See figure 5: the pump on the picture may be a different one from the pump that comes with the bikes.
a = pump head
b = micro adjust knob
c = gauge.

5. Tightening torque.
The bolts used for the rear suspension (rear shock and pivots) are high-grade products and have been
tightened in the factory with specific torque. If it is necessary to remove or tighten the bolts, extreme care
should be taken when re-tightening them.
TM

All bolts should be cleaned and re-set using Loctite

TM

primer (#7649) and Loctite

blue Removable

Threadlock (#242).
For the location and tightening torque of all bolts please refer to figure 6.

Location
1
2
3

5
6

Main pivot (BB - chain stays)


Chain stays - seat stays pivots
Linkage plate - seat stays pivots
Linkage plate bearing, M4 bolt
(see note)
Seat tube - linkage plates pivot
Upper shock mount

Lower shock mount

Tools needed

Recommended tightening torque

5 mm. Allen-keys
5 mm. Allen-key
5 mm. Allen-key

12~15 Nm.
12~15 Nm.
12~15 Nm.

3 mm. Allen-key

2~2.5 Nm.

5 mm. Allen-keys
5 mm. Allen-key
5 mm. Allen-key and
10 mm. wrench

12~15 Nm.
12~15 Nm.
10~12 Nm.

Note: only on frames with aluminium linkage plates (NRS-1, 2 and 3 and frame set NRS).

- Pag. 13. -

6. Cleaning and maintenance.


Proper maintenance of a Giant NRS dual suspension bicycle is important to insure years of trouble
free safe riding and enjoyment.

We recommend taking this bike to your authorised Giant dealer for periodic service and inspection of
suspension systems. Parts such as seals, elastomer bumpers and bearings can be adversely affected by
use, dirt and ultraviolet radiation. The bike should be returned to an authorised Giant dealer for rear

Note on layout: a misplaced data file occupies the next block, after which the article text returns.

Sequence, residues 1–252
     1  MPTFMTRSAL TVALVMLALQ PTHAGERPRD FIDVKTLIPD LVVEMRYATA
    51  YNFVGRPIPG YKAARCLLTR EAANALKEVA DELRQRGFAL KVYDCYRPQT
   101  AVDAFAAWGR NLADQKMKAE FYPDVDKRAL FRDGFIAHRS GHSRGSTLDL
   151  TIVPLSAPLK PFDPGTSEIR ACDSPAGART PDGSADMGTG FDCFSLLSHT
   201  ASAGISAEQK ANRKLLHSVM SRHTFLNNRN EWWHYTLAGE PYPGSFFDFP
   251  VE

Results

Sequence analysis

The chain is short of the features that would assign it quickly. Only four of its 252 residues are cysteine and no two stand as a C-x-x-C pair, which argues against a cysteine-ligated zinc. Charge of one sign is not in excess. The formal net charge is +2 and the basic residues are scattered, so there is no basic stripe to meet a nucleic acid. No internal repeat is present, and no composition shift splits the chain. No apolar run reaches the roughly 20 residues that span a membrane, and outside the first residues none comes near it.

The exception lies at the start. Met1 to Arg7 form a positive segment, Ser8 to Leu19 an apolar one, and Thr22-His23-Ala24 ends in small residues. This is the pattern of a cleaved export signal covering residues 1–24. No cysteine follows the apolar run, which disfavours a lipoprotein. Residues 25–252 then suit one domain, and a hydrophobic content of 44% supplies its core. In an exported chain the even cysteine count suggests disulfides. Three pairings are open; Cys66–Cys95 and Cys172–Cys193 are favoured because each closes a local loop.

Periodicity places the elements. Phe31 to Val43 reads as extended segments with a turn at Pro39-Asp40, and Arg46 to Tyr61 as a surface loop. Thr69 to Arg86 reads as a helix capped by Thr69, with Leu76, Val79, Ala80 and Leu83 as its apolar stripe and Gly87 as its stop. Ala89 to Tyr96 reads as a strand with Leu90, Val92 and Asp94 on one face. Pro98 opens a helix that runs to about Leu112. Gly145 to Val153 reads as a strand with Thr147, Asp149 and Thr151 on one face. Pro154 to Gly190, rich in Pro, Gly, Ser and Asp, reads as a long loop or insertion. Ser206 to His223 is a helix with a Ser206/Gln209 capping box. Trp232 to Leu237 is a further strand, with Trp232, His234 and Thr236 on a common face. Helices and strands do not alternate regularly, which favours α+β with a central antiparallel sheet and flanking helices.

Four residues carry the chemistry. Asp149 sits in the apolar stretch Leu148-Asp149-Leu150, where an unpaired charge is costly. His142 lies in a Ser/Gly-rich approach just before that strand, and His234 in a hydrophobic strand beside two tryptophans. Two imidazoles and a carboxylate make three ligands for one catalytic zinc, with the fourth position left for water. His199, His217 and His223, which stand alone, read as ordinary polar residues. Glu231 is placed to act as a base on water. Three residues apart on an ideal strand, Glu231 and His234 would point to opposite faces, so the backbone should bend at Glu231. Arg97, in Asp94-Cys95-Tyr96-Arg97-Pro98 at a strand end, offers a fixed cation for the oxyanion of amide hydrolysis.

shock inspection and adjustment once a year or more often if the bike is used in extreme conditions.
(Note: this is not covered under the terms of the warranty and is not necessarily free of charge!).

DO NOT use high-pressure water or air hoses to clean bike. This can force dirt into areas that may cause
damage.
TM

DO NOT lubricate any of the pivot points. These are high quality self lubricating Teflon

or similar

surfaced pivots.

See also the manuals of the suppliers of the suspension fork and other parts that come with this NRS
bike.

Bicycles and bicycle components are more complex than ever before. It is very important that your dealer
carries out any repair or maintenance, which is not described in this manual. Consult your dealer for help
in determining your maintenance needs.
How much of your bikes service and maintenance you can do depends on your skill and experience, and
whether you have the special tools required. If you want to learn how to work on your bicycle ask your
dealer for advice on a suitable book and local bicycle repair courses.

Warning.
Many bicycle service and repair tasks require special knowledge and tools. Do not begin any
adjustments or service on your bicycle if you have the slightest doubt about your ability to
properly complete them. Improper adjustment or service may result in damage to the bicycle or
in an accident which can cause serious injury or death.

- Pag. 14. -

Fig. / Abb. / Rys. 1.

Fig. / Abb. / Rys. 2.

- Pag. 15. -

Fig. / Abb. / Rys. 3.

Position 2
Position 1

Fig. / Abb. / Rys. 4.

- Pag. 16. -

Fig. / Abb. / Rys. 5.

Fig. / Abb. / Rys. 6.

- Pag. 17. -